Now it is time to take some relaxation before getting ready for training camp next month.

World Bowl XV Preview

Amidst rumors that the NFL is thinking about pulling the plug on NFL Europa, the World Bowl is back. NFLE’s biggest game will be played for the 15th time this weekend as the NFL’s version of the minor leagues steps to the forefront of the NFL Calendar . The Yello Strom sponsored World Bowl XV will be played on Saturday, June 23rd, at 1 PM EST at Commerzbank Arena, Frankfurt . The game will pit the defending champs and home team the Frankfurt Galaxy (7-3) against the Hamburg Sea Devils (7-3). The game will be televised by the NFL Network for the 2nd time and there is an expected crowd of close to 50,000 fans. You can expect the game will give the legions of NFL fans worldwide the opportunity to sustain their “football hunger” for a little while until minicamps and training camps get in full swing.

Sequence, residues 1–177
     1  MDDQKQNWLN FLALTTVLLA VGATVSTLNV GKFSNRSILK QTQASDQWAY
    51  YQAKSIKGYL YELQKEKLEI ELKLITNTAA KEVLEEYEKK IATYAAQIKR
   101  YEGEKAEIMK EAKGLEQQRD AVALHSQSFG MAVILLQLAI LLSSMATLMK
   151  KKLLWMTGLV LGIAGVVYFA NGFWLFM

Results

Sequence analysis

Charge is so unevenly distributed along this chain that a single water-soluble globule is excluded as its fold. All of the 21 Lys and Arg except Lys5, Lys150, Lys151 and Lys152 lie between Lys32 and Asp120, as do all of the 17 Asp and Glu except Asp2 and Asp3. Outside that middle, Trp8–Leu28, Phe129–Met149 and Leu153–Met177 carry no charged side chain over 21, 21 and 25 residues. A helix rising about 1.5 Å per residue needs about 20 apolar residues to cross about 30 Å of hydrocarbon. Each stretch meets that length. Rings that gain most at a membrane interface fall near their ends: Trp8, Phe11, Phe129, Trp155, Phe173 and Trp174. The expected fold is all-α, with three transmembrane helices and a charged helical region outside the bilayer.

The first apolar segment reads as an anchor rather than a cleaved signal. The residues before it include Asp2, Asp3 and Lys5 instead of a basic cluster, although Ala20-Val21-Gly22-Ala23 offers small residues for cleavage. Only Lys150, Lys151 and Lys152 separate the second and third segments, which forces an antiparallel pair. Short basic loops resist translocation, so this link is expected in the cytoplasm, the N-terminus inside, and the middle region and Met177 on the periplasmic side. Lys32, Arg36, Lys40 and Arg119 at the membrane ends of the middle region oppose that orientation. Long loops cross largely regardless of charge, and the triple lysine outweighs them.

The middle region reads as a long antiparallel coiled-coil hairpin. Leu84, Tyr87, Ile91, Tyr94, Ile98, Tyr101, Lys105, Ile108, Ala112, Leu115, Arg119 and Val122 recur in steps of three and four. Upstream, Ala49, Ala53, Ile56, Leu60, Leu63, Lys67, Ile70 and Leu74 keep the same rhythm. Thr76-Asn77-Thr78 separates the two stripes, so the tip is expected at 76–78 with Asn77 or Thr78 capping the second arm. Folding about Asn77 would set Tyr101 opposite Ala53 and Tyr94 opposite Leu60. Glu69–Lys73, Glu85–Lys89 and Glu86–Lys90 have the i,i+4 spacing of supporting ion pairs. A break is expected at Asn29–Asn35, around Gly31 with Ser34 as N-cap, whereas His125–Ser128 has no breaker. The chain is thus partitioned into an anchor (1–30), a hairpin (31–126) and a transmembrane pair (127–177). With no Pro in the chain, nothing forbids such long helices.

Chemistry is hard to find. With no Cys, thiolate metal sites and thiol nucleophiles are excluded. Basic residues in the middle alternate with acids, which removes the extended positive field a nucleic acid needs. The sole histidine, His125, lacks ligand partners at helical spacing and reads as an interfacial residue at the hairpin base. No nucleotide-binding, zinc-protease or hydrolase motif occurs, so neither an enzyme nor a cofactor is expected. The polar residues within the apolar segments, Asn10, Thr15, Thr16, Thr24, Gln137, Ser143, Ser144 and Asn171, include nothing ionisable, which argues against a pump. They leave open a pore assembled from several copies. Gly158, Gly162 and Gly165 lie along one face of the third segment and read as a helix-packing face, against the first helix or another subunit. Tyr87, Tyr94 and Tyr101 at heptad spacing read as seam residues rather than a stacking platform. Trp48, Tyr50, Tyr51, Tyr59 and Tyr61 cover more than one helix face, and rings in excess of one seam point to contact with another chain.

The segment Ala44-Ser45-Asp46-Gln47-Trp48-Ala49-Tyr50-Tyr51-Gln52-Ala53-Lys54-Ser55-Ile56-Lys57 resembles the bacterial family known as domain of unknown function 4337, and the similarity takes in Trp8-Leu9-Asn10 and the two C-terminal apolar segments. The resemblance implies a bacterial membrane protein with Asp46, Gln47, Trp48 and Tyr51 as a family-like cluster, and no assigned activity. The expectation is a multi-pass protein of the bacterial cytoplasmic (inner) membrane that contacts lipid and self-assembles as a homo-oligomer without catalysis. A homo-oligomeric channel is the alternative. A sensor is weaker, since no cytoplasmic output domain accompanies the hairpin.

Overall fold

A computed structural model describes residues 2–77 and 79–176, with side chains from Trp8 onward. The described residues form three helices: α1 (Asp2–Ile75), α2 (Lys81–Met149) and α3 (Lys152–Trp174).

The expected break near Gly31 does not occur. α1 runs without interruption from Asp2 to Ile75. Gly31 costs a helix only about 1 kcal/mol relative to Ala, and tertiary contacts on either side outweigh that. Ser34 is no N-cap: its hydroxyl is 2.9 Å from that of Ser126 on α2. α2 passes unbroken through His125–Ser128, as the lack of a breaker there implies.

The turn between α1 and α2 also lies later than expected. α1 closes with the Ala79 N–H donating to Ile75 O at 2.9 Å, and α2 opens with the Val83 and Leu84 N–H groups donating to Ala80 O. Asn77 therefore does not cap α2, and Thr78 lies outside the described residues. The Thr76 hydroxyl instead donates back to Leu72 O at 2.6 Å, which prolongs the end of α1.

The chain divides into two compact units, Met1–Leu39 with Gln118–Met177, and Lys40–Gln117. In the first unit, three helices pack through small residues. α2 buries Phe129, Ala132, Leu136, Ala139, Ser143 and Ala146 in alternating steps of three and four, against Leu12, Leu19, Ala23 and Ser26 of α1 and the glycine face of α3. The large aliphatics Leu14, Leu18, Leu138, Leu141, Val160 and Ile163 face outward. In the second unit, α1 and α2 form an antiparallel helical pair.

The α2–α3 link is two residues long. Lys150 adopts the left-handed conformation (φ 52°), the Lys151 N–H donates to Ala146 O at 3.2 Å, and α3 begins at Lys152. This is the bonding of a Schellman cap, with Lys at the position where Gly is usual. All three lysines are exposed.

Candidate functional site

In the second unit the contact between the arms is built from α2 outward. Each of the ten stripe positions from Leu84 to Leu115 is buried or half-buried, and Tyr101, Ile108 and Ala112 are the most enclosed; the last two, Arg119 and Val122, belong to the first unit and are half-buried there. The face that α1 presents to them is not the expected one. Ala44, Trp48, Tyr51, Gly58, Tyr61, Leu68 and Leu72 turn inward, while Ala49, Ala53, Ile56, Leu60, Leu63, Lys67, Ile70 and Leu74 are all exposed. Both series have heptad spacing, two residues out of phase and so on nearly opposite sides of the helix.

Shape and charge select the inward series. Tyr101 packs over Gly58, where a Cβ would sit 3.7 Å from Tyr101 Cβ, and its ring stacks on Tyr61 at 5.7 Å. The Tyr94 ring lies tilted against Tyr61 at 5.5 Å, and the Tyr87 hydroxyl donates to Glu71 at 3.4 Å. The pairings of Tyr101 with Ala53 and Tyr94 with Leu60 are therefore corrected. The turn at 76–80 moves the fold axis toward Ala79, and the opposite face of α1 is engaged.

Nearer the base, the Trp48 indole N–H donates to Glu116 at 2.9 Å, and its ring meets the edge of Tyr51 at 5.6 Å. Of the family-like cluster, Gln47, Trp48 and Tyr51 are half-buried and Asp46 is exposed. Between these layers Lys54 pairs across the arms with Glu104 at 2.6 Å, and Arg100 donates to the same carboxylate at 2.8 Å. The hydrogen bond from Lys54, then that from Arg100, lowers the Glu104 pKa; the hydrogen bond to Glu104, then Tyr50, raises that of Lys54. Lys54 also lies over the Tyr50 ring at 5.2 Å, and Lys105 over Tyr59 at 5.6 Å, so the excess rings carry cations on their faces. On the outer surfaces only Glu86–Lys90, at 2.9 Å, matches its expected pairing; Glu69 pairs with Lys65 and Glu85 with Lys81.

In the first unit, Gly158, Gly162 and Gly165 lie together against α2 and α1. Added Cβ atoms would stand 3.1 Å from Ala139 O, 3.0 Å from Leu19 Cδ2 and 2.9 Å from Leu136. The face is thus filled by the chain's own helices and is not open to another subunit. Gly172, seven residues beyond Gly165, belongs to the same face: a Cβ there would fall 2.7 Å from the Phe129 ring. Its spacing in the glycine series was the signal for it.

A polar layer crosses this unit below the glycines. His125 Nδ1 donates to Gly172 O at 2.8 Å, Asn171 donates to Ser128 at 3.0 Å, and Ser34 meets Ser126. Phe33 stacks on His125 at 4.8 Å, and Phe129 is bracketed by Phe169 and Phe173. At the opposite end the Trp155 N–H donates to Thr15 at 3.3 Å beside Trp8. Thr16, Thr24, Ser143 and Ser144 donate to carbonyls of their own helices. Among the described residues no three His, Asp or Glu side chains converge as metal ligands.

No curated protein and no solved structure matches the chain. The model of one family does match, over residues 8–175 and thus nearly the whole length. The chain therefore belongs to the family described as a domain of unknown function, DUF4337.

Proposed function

As a self confessed “football junkie” I enjoy watching international players and NFL Developmental players that may not have the “Draft Pedigree” learning the game and competing at a level that I believe is the closest to the NFL. No offense to the CFL and Arena Football, but you can really see the difference in an NFL stamped product with coaches and players game planning and operating like an NFL franchise. NFL Europe was originally founded in 1991 as the World League of American Football (WLAF). The WLAF was partially backed by the National Football League and, like the current NFL Europa, was a spring developmental league. Originally WLAF had 10 teams playing a 10-game regular season: six teams from the United States , three European teams, and one Canadian team. The two teams emerging from the WLAF semi-final playoffs met at the end of the season in the World Bowl. The first two World Bowl games were held at predetermined locations much like the modern Super Bowl. The original WLAF was marginally popular, with the United States and Canadian teams playing to almost empty stadiums. Attendance was slow in the mid 20,000’s and that figure was boosted by the European based teams. The WLAF continued to struggle in its early years to costs of cross continent travel and partial NFL backing, because of this the league suspended operations in 1993 prior to the season.